I agree, pretending it's not an issue won't make it go away, ignorance (for our children) is not bliss in this situation.
I want Sam to be proud that he's Ethiopian. Just like my DH is proud he's Italian. I don't want to shrink away just because it may be an uncomfortable issue. Rather, I want to arm Sam, so he can answer questions and the ignorance of others.
I want to prepare him for the racism I hope never happens. But he must be armed, or he'll be defenseless.

shauna said...

I will definitely go see that film too if I can.
So... about the painting. I know! I fell in love with it when I saw it. I purchased it from an Italian restaurant in Addis that was full of paintings from all different artists. They took the canvas off the wooden frame and just rolled it for me to travel home with... and then I just had it restretched out here. Now... As far as the artist? Hmmm... don't know how to tell you about getting one -- I believe the artists are just locals from Addis... if you really wanted to do some research, I could try and find out the name of the restaurant and you could go that route? Let me know...
Hope all is well.

Anjolcake said...

I don't have an answer because I have the same issue just in reverse. I hope someone comments with some words of wisdom or first hand experience.

J-momma said...

talk talk talk about it. that's what i've heard is the best way to handle it. even if it seems uncomfortable. talking makes it more normal. we are actually moving to a very hispanic town so my kids (who are hispanic) will actually be the majority. the schools are 80% hispanic. i love it. it's very important to me that my kids aren't the only "brown" kids in their class. or even one of the only ones. and transracial adoptees that reiturated this importance. the more you are around people who look like your kids, the more they will feel like it's okay to be black/hispanic/asian/biracial/whatever. especially if you are exposing them to professional and people of power who are minorities. it tells them they are valuable in our country. because eventually, our kids will start associating themselves with other people who look like them. so the more they have a positive view of people of their race, the more they will have a positive view of themselves. and that will feed their pride and self esteem.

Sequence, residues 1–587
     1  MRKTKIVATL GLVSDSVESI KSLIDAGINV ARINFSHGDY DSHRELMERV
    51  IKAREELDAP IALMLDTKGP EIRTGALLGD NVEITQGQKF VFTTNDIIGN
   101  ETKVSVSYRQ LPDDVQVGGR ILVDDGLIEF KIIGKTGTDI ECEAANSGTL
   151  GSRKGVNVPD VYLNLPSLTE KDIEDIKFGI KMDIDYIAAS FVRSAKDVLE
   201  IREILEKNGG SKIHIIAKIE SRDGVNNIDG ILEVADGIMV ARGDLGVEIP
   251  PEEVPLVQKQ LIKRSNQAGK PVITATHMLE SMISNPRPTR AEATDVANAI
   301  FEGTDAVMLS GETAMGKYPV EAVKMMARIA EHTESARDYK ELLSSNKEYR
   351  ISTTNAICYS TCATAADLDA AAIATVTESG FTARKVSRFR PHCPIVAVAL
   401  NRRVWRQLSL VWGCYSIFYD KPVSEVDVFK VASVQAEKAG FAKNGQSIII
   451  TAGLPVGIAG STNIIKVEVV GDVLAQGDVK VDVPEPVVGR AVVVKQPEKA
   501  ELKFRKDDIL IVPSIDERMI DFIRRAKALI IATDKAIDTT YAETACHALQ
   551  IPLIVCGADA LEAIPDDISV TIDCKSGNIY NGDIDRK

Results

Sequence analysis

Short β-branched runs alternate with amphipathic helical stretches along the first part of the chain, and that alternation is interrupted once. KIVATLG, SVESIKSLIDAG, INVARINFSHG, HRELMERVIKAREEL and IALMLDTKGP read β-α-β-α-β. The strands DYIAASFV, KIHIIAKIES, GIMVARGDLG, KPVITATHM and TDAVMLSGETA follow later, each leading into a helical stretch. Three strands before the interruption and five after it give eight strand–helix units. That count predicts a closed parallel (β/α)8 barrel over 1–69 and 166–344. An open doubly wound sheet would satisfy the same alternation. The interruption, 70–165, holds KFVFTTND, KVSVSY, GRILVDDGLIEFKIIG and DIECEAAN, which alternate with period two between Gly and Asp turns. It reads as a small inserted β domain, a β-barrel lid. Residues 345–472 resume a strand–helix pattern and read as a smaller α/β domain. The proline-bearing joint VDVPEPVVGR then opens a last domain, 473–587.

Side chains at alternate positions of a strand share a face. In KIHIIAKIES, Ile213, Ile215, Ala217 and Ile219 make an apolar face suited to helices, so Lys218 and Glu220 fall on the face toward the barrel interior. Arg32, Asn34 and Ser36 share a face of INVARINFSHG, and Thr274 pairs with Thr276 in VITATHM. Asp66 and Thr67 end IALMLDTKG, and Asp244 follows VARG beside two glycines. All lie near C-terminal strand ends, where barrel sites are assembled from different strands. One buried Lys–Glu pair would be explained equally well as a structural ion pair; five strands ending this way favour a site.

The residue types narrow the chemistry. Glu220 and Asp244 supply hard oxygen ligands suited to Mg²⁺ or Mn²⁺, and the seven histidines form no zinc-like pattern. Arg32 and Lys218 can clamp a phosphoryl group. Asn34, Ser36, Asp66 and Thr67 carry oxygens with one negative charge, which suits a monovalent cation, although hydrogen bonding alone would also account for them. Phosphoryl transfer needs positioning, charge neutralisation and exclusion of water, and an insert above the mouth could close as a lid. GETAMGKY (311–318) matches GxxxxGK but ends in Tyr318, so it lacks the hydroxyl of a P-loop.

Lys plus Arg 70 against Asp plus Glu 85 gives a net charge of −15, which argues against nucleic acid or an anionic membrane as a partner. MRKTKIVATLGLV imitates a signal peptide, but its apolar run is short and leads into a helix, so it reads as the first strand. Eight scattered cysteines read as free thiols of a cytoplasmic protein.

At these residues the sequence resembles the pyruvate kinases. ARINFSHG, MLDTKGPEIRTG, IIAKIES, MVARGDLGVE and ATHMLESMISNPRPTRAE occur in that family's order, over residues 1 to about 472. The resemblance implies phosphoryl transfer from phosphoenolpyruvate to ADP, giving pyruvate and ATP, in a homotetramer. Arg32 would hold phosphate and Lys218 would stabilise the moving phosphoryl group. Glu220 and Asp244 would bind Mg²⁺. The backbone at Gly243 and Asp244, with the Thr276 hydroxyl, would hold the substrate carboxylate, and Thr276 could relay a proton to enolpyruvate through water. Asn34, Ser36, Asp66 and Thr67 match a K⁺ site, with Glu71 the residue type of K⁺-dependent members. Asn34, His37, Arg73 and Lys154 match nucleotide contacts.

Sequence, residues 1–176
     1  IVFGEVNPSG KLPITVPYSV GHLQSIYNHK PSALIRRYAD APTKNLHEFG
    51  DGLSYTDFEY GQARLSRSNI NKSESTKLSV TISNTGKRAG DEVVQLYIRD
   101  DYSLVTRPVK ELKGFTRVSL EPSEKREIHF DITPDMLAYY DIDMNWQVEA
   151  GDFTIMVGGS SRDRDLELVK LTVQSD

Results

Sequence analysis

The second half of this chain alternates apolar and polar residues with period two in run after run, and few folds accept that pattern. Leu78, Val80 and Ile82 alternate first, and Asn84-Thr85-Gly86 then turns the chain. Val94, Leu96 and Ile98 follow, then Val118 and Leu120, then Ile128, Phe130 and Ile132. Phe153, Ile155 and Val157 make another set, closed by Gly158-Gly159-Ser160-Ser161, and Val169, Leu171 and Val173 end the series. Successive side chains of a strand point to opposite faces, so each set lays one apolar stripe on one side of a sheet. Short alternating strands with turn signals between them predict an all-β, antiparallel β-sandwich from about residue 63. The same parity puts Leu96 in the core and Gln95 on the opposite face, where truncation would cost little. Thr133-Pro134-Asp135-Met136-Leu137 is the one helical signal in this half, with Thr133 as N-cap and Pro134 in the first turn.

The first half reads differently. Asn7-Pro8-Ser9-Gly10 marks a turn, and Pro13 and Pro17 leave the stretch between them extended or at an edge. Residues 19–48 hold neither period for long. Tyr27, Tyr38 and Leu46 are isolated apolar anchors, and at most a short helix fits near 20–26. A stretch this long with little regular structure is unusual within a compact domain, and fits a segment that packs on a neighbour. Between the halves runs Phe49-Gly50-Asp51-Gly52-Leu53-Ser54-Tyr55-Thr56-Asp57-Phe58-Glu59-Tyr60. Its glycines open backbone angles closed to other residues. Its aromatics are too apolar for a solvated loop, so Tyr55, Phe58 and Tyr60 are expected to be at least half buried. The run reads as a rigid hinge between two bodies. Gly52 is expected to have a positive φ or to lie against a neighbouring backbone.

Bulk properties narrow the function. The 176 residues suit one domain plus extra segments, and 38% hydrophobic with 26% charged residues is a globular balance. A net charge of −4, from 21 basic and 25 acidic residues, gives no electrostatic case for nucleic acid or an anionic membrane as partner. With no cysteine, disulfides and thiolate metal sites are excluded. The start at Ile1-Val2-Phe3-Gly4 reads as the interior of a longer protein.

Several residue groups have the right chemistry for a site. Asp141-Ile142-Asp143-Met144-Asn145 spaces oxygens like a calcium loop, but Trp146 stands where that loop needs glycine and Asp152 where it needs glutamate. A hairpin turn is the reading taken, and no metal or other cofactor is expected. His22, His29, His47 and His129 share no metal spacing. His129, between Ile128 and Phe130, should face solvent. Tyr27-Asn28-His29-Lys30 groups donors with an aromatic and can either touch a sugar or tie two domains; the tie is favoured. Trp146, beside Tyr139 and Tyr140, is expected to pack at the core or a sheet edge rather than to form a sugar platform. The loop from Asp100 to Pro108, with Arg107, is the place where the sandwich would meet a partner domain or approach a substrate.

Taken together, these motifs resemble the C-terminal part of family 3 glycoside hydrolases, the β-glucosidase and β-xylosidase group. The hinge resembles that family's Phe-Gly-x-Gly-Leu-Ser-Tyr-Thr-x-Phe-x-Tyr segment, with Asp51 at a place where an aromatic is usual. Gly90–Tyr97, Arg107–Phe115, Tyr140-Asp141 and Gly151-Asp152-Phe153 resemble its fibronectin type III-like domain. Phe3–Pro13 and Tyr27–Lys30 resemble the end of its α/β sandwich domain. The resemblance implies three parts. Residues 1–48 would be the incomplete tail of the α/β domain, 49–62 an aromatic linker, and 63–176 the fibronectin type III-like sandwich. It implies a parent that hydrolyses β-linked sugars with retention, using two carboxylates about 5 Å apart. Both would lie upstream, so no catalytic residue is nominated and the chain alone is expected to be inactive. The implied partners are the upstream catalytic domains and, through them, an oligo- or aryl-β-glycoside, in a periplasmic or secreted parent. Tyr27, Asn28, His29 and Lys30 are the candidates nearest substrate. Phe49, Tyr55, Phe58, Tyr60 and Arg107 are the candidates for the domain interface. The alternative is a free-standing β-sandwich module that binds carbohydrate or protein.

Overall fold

since adopting my kids i have noticed how unequal minorities are represented, everywhere but specifically in childrens books and toys. even in looking for christmas decorations, there are very few black santas or historically accurate representations of jesus. anytime i see a book with minority characters, i buy it. my kids have dolls, fisher price characters, and books of all colors. i don't know if this will do anything in the long term to help their identity, but it seems like the right thing to do right now. we also talk about mateo and maya's skin color. i try to find pretty words to describe it, like bronze, golden, olive. and i tell them that they are hispanic (the baby doesn't understand yet), daddy is italian, and mommy is swedish. we are all special and learn about each other. i tell them their skin and eyes and hair color is beautiful. and that we are happy we get to learn about hispanic culture. again, don't know if that will help any, but it seems right for now.

as far as racism, we absolutely have to prepare them. my kids are too young for that right now. right now it's about building up their self esteem about their looks, since pretty soon, mateo will start to realize he looks different from his parents. i want him to be ok with that. but as he gets older, he needs to know about racism, but also that many people are trying to fight against racism and that there's hope in the world. he's not doomed to be anything he doesn't want to be.

anyway, just my thoughts. i do get a little upset at people who have several white bio kids then adopt only one black or minority child. i feel that's unfair to the child. no offense to anyone. but of course, i'm also someone who believes the world is already overpopulated and everyone should adopt. :)

good subject. i'm interested in hearing more views.

Lisa said...

As a fellow adoptive mom, I agree with your point! In fact, here's a Newsweek article that supports your thought that ignoring racial issues does more harm than good:
http://www.newsweek.com/id/214989